Lila Downs: Queen of the mix

Lila Downs tells Michael Church how a search for identity brought success
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The Independent Culture

We all know something of Mexican music, thanks to the Tex-Mex sound and the snazzy style of the "mariachi" bands powering Hollywood romances in the Fifties. But those are just fringe attractions for the huge variety of musics in this strife-torn, seductive land. As Eduardo Llerenas observes in his liner note to the Rough Guide to Mexican Music, there can't be many parts of the world where one in six adults is a professional musician, but such is the case in many Mexican villages, where every communal event has its music. And if Mexico City is one thing, Mexico's Indian tribes are quite another, with each practising its own style on its own special instrument: guitar, violin, or harp. And those styles blend with styles imported from neighbouring countries - Cuba, Colombia, and Dominica - to create, not Tex-Mex, but a wonderfully variegated thing we should perhaps dub Mex-Mix.

The unlikely queen of Mex-Mix has just concluded a triumphant UK tour in tandem with Cuba's Yusa and Peru's Susana Baca: unlikely, because Lila Downs's own mix is half-Scottish, with even her first name being a Latinised version of her grandmother's Highland name Leela. But delivering her songs in a whisper which modulates to a clarion call, and beating her side-drum as though to urge her band into battle, this diminutive dynamo is Mexico's mystical spirit incarnate. The videos she likes to flash up as a backdrop add the essential political focus: endless rows of wage-slaves toiling in Californian plantations, intercut with gnarled close-ups of their scarified fingers.

Seen from a distance on stage, her features seem delicately pretty. But in close-up - and as she's the singer in the film Frida, you may well have seen her thus - these features have a bold and dark-browed beauty. Perfect casting? Not really: "In my part of Mexico the men migrate to work elsewhere, so the women are left, and they become stronger. There are many Fridas walking the streets of Oaxaca. I'm not unusual."

But her origins are indeed unusual. Her academic father, who was visiting the Yucatan Peninsulato study the blue-winged teal's migration patterns, became bewitched by an Indian singer in a Mexico City club; he divorced his wife, and married her. Lila grew up bilingual and bicultural, dividing her time between Oaxaca and Minnesota.

"There was always music in our house," she says. She started singing rancheras for visitors when she was seven, and taught herself to play the guitar. "But my mother also loved opera, and I used to imitate the voices. My father used to read The New Yorker, and I read it too, and one day when I was nine I decided I would like to be an opera singer in New York." Her father put her into voice-training programmes, but when she was 16 he died.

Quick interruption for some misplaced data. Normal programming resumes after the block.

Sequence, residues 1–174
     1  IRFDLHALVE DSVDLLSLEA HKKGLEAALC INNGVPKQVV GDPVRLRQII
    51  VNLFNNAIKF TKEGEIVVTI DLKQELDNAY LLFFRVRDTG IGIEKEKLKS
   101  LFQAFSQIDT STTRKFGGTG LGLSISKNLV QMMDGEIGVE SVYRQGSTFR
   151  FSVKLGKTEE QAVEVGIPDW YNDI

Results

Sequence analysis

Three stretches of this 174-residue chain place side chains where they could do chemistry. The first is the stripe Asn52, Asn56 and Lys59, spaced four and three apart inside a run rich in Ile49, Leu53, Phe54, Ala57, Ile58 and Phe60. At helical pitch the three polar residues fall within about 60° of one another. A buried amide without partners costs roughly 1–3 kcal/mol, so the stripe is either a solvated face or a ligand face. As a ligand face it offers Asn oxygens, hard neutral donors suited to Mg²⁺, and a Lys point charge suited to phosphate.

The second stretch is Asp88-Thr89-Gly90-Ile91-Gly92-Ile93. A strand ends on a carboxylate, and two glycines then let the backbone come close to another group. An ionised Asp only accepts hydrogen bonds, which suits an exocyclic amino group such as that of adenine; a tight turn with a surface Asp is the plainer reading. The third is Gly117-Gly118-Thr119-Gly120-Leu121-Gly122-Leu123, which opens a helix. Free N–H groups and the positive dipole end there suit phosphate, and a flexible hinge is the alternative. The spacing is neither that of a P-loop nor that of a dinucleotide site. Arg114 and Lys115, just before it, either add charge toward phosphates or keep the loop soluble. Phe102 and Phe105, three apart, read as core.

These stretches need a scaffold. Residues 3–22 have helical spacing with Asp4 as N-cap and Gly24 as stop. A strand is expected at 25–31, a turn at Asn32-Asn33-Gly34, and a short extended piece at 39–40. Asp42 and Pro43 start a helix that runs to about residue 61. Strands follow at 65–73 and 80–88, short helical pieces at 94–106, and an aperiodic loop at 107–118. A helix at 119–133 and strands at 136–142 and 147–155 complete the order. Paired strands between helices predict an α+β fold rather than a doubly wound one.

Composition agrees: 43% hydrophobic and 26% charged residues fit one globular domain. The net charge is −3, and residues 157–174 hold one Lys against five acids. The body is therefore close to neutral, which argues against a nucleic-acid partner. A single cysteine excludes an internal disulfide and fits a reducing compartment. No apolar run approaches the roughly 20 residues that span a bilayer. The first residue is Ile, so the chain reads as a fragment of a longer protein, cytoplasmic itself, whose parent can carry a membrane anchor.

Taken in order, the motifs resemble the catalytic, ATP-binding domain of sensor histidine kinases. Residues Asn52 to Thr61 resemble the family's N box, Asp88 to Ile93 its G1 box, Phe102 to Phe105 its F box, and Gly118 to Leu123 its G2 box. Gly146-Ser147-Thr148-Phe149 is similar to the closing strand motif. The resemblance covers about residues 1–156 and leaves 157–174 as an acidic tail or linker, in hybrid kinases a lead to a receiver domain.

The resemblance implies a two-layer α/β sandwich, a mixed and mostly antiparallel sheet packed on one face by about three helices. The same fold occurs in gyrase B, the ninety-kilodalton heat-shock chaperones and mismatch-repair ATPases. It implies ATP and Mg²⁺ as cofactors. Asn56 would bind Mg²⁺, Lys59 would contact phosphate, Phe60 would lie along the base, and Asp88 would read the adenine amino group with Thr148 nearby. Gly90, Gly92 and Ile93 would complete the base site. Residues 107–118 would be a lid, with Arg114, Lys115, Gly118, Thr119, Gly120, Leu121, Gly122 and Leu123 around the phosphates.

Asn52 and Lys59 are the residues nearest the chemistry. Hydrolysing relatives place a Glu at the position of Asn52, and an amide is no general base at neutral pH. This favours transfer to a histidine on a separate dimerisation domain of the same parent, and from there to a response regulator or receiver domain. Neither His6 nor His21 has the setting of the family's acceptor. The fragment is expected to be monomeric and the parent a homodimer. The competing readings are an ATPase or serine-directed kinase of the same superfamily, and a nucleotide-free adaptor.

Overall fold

"And I became very confused - about my identity, and my sexuality." Your sexuality? "My mother was strong, like the man, and my father was the woman, very gentle, quite effeminate. And when he died I didn't want to be with my mother. I'd been denying so much about my Indian self, and suddenly I had to deal with it. A lot of what I am doing now is compensating for what my mother did to him. My father loved abstract art and experimental movies, and my mother loved Romantic oil paintings of the Mexican countryside. She didn't let him develop himself."

But watching the way you command your band on stage, it's clear who wears the trousers! "OK, I may be strong, but I look for musicians who are strong as well. Much of what we do in our programme is Paul Cohen's idea, his vision of what music should do for people." Cohen - Downs's partner and "soul mate" - is the saxophonist-keyboardist-juggler whose mercurial presence seems to pervade every corner of the stage. So she makes her point.

Her songs come from the villages whose culture she studied after dropping out of opera, but her voice is something else. Where did this uniquely versatile instrument come from? "John Coltrane, who conveys so much with his tone - that's what I'm striving for." Did the opera training help? "Well, right now I'm ill with a cold. That's where the opera training helps. If I vocalise for two hours, I can make the voice come back."

Then she brings out a thought you hear opera singers express. "I have this special relationship with my voice. Though I've never considered myself to be a spiritual person - and though I agreed with my father, who was a communist atheist - it's a spiritual feeling I have, which began when I studied anthropology. I began to have something approaching awe for this thing that came out of my body, which had to do with something bigger than me. Awe for this gift."

'Una Sangre' is out now on Narada

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